An environmental group is suing for a second time to stop a timber sale in the Hebgen Basin.
On Wednesday, the Alliance for the Wild Rockies and the Native Ecosystems Council filed a lawsuit in U.S. District Court in Missoula to stop the Forest Service from moving forward on its Lonesome Wood II Timber Sale.
The area covered by the timber sale is along the western and southern shores of Hebgen Lake. The Forest Service initiated the project, saying logging would safeguard area cabins from wildfires.
But Mike Garrity of the Alliance for the Wild Rockies said some of the proposed logging is in roadless areas away from the cabins. The Forest Service would build six miles of logging roads and log 400 acres of designated old growth forest.
Both groups claim the old growth areas are habitat for lynx, grizzly bears and wolverines, all of which are rare.
The Forest Service and the U.S. Fish and Wildlife Service both determined in an assessment that logging would adversely affect grizzlies and lynx.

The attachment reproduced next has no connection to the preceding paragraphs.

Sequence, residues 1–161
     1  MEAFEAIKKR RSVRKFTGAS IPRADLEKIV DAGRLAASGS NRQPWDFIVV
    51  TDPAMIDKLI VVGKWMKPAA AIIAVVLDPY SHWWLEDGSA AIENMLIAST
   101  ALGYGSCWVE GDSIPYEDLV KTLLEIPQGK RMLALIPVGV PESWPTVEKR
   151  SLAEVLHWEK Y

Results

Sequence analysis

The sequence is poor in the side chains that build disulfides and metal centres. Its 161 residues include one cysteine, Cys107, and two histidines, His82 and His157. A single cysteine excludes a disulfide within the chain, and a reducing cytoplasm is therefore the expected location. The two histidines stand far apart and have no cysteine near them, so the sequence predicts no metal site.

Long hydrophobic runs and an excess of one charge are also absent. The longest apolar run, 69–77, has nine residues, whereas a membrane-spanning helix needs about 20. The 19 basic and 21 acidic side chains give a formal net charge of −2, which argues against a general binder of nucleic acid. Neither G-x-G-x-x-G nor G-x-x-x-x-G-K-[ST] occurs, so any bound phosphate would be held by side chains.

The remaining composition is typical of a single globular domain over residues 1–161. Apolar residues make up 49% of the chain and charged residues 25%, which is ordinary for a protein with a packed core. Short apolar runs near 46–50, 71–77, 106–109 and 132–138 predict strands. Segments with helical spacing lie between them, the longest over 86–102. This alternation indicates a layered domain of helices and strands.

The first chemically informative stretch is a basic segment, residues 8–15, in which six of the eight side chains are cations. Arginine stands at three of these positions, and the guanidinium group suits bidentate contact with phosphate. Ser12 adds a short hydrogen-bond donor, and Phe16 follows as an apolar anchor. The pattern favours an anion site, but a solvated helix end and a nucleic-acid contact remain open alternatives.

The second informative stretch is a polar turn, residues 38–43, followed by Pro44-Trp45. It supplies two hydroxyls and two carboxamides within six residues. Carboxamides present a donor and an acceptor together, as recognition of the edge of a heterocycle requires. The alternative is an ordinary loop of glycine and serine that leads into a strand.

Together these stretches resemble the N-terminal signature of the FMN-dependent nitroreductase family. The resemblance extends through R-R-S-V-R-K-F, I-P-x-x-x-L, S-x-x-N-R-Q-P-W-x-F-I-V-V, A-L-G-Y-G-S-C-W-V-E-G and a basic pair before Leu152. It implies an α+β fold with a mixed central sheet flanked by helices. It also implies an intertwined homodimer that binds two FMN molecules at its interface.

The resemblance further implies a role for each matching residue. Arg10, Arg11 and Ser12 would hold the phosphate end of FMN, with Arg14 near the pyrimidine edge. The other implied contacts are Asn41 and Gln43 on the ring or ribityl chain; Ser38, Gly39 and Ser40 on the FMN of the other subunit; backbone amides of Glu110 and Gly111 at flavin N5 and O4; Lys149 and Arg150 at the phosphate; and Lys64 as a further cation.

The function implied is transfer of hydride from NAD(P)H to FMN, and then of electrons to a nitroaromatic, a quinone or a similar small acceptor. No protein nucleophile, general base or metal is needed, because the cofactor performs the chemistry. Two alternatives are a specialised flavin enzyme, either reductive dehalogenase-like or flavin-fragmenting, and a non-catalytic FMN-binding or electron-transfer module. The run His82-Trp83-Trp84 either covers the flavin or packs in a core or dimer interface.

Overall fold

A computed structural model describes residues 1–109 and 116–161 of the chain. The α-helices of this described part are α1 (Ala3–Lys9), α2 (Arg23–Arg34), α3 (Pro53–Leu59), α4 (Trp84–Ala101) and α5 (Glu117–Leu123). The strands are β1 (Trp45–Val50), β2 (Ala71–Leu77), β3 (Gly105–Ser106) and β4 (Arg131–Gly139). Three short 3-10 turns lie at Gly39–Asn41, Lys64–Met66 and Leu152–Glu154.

Garrity said the groups don’t oppose all the logging in that area, just the old growth sections.
“Their own fire expert says to start at the structures and work out, clearing the trees to create a defensible space, and they’re not doing that,” Garrity said.
This isn’t the first challenge for this area. The Forest Service proposed a similar sale but dropped the sale after Alliance for the Wild Rockies sued in 2009.
Garrity said the Forest Service loses money on timber sales, because it is usually unable to get enough money for the logs to cover its costs.
“Right now, when the government is authorizing less spending with the sequester, timber sales cost the taxpayer,” Garrity said.
Laura Lundquist can be reached at 582-2638 or email@example.com.